From a little bang to a huge blockbuster is not that difficult
The Age, 12 0ctober, 2006
The spread of nuclear power makes weapons proliferation easier, writes Alan Roberts.
WHEN North Korea exploded its nuclear bomb on Monday, seismographs throughout the world registered the way the earth shook. In a different way, it came as a shock to most of us.
Unhappily, North Korea may be only the first in a long series of recruits to the “Nuclear Weapons Club”. Why? Two reasons:
First: more people are starting to see as the greatest threat facing humanity the way we are changing Earth’s climate — the “global warming” due to the billions of tonnes of carbon dioxide with which we go on polluting the atmosphere. And in appreciating this threat, they are, I believe, quite right.
Second: some of these people look to nuclear power as a solution, at least partially, to the frightening prospect of a world damaged beyond recovery. This view is not confined to nuclear industry spokesmen and some politicians, who have their own reasons for pushing nuclear power. It is shared by well-intentioned people who believe nuclear power can make a major and usefulc ontribution to averting this catastrophe.
Everyone knows about the tremendous store of energy locked up in the nucleus of an atom. At least on first glance, there is something very attractive about the prospect of letting it trickle out in a controlled and useful way. At the opposite extreme is the case in which all that contained energy is released suddenly in one gigantic burst: the nuclear bomb.
An obvious and unavoidable question is: given a reactor designed and operated to keep the energy coming out in a trickle, how easy is it to reshape it into the “burst” mode, to make a bomb?
There has been a lot of argument on this question over the years. The plutonium produced in reactors is certainly the material used in bombs. But, it can be said, maybe so, but it’s mixed with a lot of other stuff that lowers its explosive power. To which others retort, yes, but you can run the reactor in away that gives less of that unwanted stuff and so on. What is the truth?
Prominent people are now urging the revival of nuclear power after its many decades of stagnation, a revival that could see reactors operating in countries that never knew them before. So this question is pretty important: given a reactor, how easy is it to make a bomb?
Perhaps the most authoritative answer has been given by Victor Gilinsky, in his chapter on the topic in a book published on the internet in June, Taming the Next Set of Strategic Weapons Threats. Gilinsky was reappointed under three US presidents to serve on the Nuclear Regulatory Commission.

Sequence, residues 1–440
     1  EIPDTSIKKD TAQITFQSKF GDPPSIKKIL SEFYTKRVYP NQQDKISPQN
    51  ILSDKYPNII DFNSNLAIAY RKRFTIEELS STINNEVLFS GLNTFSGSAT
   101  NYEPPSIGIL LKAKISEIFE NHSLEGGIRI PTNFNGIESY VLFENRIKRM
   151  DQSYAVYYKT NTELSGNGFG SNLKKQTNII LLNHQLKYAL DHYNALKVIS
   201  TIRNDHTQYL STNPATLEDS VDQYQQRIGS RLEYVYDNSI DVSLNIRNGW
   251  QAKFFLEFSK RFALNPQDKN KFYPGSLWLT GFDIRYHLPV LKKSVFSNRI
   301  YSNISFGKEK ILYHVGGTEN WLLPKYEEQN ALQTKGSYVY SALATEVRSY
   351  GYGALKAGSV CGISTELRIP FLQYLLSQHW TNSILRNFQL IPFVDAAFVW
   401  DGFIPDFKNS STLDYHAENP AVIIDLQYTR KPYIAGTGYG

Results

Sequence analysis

He treats in considerable detail the ways of getting a bomb from the fuel used in the most common reactor type, the light water reactor. His conclusions are summed up in his final sub-heading: “Light water reactors are less proliferation-resistant than usually assumed in policy discussions and are dangerous in the wrong hands.”
This moderate statement hardly does justice to the detailed case he presents. He gives references, for instance, to documents describing how to build a “quick-and-dirty” plant for extracting the plutonium from used fuel elements. Time required: four to six months with an area required of about 39 metres long and much less wide. A production rate of about a bomb a day, meaning “dozens of bombs before the IAEA (International Atomic EnergyAgency) could count on detecting it”.
He includes a table giving the likely explosive yields, in TNT equivalents,of bombs made in this way. To grasp it, we should recall the 10-tonne bombs used in WWII, known as blockbusters for their power to destroy a whole city block. If the early reports of the size of the North Korea test explosion are true, it amounted to “only” about 100 blockbusters or a bit less. He indicates that, with better technique, or more luck, it could have got into the range of 600 to 4,000 blockbusters.
The advocates of nuclear power on climatic grounds may be right or wrong. (I happen to be strongly of the view that they are wrong.) But in any case, they need to reckon with Gilinsky’s analysis, showing that any country with the(common) light water reactor is only a few months from having atomic bombs if it wants them. Are we entering a future in which disputes will not uncommonly reach the nuclear level, and threaten death to whole cities?
Alan Roberts is a physicist and former member of the nuclear safety committee of the Australian Radiation Protection and Nuclear Safety Agency.